For instance, The Embroiderer needed to be quite structured because it spanned a long period of time with six major wars and upheavals, the consequences of which influenced the directions my protagonists took.
With Conspiracy of Lies, set in France during WWII, I needed to bring in more of the everyday life of the Resistance, so the story became more character driven. But even here, there was a timeline of events that the actions had to correspond to.
Seraphina’s Song was different again. It is a novella, faster paced and written in the first voice. Here, I was dealing with the thoughts and emotions of the protagonist to carry the plot. For this research, I went back to the dark and brooding Russian classics for inspiration.
My latest novella, and third in the Asia Minor trilogy, The Carpet Weaver of Uşak, set in Greece and Turkey, was similar to Conspiracy of Lies, in that there were events which shaped the actions and thoughts of the characters – the Great War and the Asia Minor Catastrophe.
Perhaps the most enjoyable part of writing is the research; filling my notebooks with a myriad of facts and ideas. Many notes never get used, but overall, the mere act of writing them down helps form my understanding of the story. After five novels, I would have to say that the most difficult part of writing would be the ending. Despite the scenes being in my mind, finding the right words is not easy. I think it’s because by the time the novel draws to a close, the tempo has increased and the closure has to be believable. I hate unresolved endings.
My protagonists are generally composites of real people, some of the era, others taken from everyday life. For better or worse, I have to love them all – well, some more than others – but I do need to live in their skin to bring them alive in order that they live on long after the book is finished.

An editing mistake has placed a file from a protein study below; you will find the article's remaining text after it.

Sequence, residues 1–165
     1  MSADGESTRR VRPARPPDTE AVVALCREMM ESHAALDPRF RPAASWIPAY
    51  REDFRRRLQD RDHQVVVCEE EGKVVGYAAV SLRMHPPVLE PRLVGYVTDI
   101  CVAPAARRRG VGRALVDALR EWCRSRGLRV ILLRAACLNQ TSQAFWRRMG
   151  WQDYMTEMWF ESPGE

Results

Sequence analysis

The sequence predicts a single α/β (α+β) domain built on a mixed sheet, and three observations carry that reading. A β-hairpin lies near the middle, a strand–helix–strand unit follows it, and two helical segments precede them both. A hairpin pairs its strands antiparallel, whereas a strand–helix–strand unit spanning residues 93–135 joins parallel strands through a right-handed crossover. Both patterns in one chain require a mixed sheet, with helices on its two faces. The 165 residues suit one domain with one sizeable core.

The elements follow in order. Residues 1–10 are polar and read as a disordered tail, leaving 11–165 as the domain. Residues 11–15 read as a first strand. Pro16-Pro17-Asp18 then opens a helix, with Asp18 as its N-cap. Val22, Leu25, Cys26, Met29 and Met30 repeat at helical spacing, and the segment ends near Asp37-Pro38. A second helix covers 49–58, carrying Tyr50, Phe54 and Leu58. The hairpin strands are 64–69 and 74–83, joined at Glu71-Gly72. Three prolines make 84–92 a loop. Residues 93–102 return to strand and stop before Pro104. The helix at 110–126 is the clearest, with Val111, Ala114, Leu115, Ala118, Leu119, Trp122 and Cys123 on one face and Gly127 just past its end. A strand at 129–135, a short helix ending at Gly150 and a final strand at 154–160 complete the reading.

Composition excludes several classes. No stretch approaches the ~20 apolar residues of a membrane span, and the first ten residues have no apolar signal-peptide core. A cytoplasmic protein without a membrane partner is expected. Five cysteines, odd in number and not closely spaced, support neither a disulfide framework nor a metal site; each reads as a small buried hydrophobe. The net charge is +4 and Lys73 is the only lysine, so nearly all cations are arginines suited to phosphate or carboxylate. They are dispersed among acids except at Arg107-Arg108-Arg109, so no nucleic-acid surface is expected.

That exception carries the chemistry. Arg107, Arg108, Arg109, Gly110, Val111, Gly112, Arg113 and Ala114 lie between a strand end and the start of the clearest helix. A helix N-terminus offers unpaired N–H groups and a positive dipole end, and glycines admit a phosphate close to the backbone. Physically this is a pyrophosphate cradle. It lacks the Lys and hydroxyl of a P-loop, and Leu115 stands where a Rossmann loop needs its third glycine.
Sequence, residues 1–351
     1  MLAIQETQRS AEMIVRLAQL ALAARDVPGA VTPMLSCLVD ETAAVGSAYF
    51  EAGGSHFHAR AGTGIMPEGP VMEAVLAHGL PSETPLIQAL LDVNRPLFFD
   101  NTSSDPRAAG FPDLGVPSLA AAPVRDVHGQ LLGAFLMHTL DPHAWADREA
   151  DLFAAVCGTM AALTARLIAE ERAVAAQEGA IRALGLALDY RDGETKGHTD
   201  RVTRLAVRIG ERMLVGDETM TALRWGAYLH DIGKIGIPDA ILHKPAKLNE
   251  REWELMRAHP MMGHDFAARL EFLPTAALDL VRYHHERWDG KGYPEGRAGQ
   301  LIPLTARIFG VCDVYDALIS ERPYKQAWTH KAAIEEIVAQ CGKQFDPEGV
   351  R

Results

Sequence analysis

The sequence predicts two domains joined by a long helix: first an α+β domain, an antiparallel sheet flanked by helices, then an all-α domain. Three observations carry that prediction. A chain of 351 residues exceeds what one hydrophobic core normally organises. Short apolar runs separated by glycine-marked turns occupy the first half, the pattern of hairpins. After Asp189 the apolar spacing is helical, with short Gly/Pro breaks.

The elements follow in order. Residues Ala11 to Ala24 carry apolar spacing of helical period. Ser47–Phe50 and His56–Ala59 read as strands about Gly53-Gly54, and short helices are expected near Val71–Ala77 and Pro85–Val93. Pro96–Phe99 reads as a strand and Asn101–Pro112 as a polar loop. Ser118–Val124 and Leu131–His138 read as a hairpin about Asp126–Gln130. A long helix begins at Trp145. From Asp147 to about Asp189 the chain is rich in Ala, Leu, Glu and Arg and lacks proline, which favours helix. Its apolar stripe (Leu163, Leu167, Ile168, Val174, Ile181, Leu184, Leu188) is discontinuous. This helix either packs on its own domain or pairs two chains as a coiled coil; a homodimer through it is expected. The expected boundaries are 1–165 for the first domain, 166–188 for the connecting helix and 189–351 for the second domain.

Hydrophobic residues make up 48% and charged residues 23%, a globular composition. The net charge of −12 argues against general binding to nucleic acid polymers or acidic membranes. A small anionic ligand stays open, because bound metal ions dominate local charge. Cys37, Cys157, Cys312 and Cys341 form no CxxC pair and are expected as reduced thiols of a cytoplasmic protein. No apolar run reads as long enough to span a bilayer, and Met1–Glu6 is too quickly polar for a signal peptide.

Do I ever suffer from self-doubt? Probably not. For the most part, self-doubt is destructive and leads to procrastination. Once I have a story I will give it my all and nothing will stop me. Of course, you must be as professional as possible and that includes thorough research, editing and getting the book out to the best possible standards. Perfection is elusive so we can only do our best.
Last but not least, the other reason I write is for my own enjoyment. Even though it’s a cliché, writing a novel has to come from the heart. Readers can sense this. Afterwards, I just hope that I can share with my readers the same pleasure and intensity I felt when writing the story. Not everyone will want to read your work, or even like it. That’s natural. And we all want to win awards, write a blockbuster which is taken up by Hollywood, and become rich, but in the end, if I can take my readers on a magic carpet ride and transport into another world of enjoyment for a brief time in their busy lives, then I have succeeded. Anything else is a bonus.
The Embroiderer: https://www.amazon.com/Embroiderer-Kathryn-Gauci/dp/0648123510
Conspiracy of Lies: https://www.amazon.com/Conspiracy-Lies-Kathryn-Gauci-ebook/dp/B073WS6CDB
Seraphina’s Song: https://www.amazon.com/Seraphinas-Song-Kathryn-Gauci-ebook/dp/B0787ML9MW
Upcoming releases: The Carpet Weaver of Uşak (September release)
Code Name Camille. A novella which is part of the anthology, Tales of Resistance The Darkest Hour with nine other WWII authors.
(January 2019 release but pre-orders available on iBook available now and Amazon on 29th October)
Thanks, Kathryn for a great post. I hope you all enjoyed it.
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Have a great week,